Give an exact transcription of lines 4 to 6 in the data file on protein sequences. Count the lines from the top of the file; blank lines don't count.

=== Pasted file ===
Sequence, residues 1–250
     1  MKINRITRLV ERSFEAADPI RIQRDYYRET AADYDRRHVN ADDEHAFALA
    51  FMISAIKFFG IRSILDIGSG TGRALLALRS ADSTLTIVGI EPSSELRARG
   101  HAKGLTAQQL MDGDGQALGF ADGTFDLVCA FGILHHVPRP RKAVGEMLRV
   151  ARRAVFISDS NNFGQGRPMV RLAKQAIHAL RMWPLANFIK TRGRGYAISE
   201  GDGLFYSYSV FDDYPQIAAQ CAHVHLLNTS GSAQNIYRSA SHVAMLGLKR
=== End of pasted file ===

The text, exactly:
   101  HAKGLTAQQL MDGDGQALGF ADGTFDLVCA FGILHHVPRP RKAVGEMLRV
   151  ARRAVFISDS NNFGQGRPMV RLAKQAIHAL RMWPLANFIK TRGRGYAISE
   201  GDGLFYSYSV FDDYPQIAAQ CAHVHLLNTS GSAQNIYRSA SHVAMLGLKR